Lecturer in Criminal Law

Senior Tutor (UG)

LLB (hons), LLM (dist), PhD
View my full research profile

  • Tel: 0131 651 5537
  • Email: Chloe.Kennedy@ed.ac.uk
  • Office and Feedback Hours for current students:
    Tuesday, 2pm-3pm


Chloë joined the Law School in September 2013. Prior to this, Chloë completed a PhD and Masters degree in Law at the University of Edinburgh and a Bachelor of Laws at the Universities of Glasgow and Sydney. She also spent a year working as a Legal Assistant at the Scottish Law Commission. Her main research interests include criminal law, legal theory, legal history, and the relationship between these areas. She is particularly interested in intellectual and cultural legal history, focussing on the ways that prevailing ideas (especially philosophical and religious ideas) have shaped the law's development and continue to inform our contemporary assumptions. 


Along with Prof Sharon Cowan (Edinburgh) and Prof Vanessa Munro (Warwick), Chloë is currently running the Scottish Feminist Judgments Project: https://www.sfjp.law.ed.ac.uk 

Chloë welcomes proposals for the supervision of PhD students who would like to work on i) criminal law theory ii) criminal law / justice iii) legal history and the history of legal thought (especially 18th and 19th century) iv) law and religion v) law and gender



Dr Chloë Kennedy's Homepage at Edinburgh Law School

Current Research Interests

Criminal law, criminal law theory, legal history, intellectual history, legal theory, law and religion, law and philosophy, critical legal studies, law and gender.

Courses Taught

Crime and Punishment in Enlightenment Scotland (Honours) (Course Organiser)

Criminal Law (Ordinary) (Ordinary)

Criminal Law A: Harm Offence and Criminalisation (Honours) (Course Organiser)

PhD Supervisees

Jackson Allen  'On the compatability of reverse onus clauses and the presumption of innocence in English criminal Law'

Juan Pablo (JP) Fassnidge  'Moral Scepticism and Criminal Law: a Theory of Criminalisation'

Alice Krzanich  'Female servants in early 19th century Scotland: legal principles of the master-servant relationship as they applied to women in the period 1800-1850'


Chloe Kennedy, 'Questioning culpability: Lessons from soterial-legal history', (2018), Law and Humanities, pp 1-25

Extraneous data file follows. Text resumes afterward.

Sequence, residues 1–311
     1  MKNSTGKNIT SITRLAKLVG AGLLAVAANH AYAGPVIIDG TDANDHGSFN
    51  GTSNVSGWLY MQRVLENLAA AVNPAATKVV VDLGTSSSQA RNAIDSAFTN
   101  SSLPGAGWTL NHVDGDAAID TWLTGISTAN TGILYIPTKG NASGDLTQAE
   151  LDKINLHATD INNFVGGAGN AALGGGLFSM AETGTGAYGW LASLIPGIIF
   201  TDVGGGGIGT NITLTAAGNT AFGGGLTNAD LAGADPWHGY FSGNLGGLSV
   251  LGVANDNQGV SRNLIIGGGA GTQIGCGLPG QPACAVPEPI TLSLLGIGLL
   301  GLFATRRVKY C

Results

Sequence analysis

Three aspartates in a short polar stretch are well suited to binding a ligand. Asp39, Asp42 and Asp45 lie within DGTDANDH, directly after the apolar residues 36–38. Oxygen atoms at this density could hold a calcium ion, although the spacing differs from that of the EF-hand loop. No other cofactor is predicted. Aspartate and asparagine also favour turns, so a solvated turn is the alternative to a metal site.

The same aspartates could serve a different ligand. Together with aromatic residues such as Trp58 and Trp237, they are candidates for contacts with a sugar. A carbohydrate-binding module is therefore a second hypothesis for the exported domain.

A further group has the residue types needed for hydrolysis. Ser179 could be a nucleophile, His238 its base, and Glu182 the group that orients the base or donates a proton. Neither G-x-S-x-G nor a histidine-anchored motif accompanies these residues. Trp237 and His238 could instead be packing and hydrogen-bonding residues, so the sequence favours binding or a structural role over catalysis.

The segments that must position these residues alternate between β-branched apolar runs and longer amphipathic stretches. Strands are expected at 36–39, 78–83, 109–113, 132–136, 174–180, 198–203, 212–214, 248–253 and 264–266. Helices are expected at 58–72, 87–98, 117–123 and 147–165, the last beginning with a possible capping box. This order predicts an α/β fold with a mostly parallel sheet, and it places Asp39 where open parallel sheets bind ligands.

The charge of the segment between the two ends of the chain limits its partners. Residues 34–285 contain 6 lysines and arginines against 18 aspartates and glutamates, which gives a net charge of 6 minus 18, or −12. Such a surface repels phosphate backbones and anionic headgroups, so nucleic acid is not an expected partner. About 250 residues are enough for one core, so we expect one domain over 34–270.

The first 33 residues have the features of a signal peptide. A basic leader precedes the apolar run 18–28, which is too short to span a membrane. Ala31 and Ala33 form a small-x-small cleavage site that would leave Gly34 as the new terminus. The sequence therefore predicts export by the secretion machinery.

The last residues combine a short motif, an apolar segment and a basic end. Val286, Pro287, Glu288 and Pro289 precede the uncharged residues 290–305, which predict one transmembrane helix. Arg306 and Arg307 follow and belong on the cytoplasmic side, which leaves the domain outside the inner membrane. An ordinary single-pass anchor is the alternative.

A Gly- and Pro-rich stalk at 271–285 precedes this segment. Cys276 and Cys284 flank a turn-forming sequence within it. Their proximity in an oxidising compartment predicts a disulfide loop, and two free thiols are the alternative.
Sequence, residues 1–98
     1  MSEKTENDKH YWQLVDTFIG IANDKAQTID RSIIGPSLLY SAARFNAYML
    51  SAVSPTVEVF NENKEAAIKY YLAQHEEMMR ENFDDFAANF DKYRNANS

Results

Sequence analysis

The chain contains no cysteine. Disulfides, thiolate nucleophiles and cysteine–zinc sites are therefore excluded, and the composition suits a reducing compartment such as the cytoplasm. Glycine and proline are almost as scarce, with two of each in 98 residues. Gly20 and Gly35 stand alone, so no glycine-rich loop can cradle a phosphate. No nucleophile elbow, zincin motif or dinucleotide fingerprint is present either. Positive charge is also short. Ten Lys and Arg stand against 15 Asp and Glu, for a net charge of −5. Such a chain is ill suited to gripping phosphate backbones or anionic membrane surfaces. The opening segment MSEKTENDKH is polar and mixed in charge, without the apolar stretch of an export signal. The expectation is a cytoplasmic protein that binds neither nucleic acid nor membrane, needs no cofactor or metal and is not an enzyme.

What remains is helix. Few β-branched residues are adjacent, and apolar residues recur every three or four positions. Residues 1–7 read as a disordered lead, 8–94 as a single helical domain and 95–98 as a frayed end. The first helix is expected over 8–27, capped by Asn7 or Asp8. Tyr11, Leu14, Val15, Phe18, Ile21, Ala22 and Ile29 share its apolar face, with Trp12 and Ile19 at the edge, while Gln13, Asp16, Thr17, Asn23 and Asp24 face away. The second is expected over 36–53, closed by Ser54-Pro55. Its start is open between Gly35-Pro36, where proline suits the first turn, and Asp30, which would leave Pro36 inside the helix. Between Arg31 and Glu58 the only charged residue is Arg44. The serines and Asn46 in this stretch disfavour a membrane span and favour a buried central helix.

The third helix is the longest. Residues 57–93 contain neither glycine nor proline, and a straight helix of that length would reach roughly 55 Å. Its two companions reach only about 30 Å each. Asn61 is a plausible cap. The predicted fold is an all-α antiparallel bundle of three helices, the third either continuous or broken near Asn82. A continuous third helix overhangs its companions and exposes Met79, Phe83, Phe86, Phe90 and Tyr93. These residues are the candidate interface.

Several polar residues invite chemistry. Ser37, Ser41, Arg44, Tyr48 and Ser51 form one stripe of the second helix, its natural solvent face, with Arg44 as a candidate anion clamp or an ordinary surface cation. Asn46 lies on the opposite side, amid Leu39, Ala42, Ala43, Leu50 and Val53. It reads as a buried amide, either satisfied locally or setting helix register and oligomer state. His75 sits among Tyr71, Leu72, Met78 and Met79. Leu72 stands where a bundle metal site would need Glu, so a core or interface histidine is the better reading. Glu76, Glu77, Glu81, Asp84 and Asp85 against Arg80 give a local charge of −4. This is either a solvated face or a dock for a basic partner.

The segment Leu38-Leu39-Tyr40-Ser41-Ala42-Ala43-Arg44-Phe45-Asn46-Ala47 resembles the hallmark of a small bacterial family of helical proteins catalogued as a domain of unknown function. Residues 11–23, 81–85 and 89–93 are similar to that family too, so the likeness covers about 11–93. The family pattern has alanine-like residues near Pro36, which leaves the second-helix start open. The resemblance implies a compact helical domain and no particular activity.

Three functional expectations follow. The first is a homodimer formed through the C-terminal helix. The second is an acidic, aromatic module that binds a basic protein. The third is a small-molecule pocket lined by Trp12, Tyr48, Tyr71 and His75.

Abstract: Through specific, historical, interchanges and the more diffuse molding of our ‘Western’ social imaginary, the Judaic-Christian tradition has helped shape several of the criminal law’s culpability concepts, including guilt, blame and reconciliation. In doing so, it has contributed towards the inherent moral grammar of our criminal justice thinking. By considering perennial questions, such as the importance of consciousness and intentionality in determining culpability, and the importance of culpability within the architecture of criminal liability more broadly, this article argues that re-engaging with the religious underpinnings of these debates is important and worthwhile, particularly in an age marked by the desire to secularize the criminal law and to become ‘emancipated’ from religious thinking. It concludes by suggesting that this re-engagement yields important insights regarding the tensions that permeate our criminal justice practices and points towards ways in which these might potentially be reconciled.

Chloe Kennedy, 'Book review: The Preventive Turn in Criminal Law', (2018), Social and Legal Studies, Vol 27, pp 389-392
Abstract: The Preventive Turn in Criminal LawHenrique Carvalho, The Preventive Turn in Criminal Law. Oxford: Oxford University Press, 2017, pp. 207, ISBN 978-0-19-873785-8In the words of its author, The Preventive Turn in Criminal Law ‘is not a legal book’ (Preface, p. x). Rather, it aims to present a phenomenology of law that captures how legal concepts and ideas are imagined and instantiated under particular sociopolitical conditions within, broadly speaking, liberal modernity. This approach distinguishes Carvalho’s work from much of the current literature geared towards explaining and critiquing ‘pre-inchoate’ and ‘inchoate’ offences. While many scholars undertaking these enterprises fall back on the familiar, and ostensibly limiting, principles of harm, autonomy, desert and so on, Carvalho instead shows how the liberal tradition on which these principles are based is premised on the same logic that underpins the preventive turn itself. In so doing, he shows that the capacity of liberal criminal law scholarship to challenge or restrain the proliferation of prophylactic crimes is inevitably compromised.

Sharon Cowan, Chloe Kennedy, Vanessa Munro, 'Scottish Feminist Judgments Project ', (2017), SCOLAG Legal Journal, Vol 482

Chloe Kennedy, 'Declaring crimes ', (2017), Oxford Journal of Legal Studies, Vol 37, pp 741-769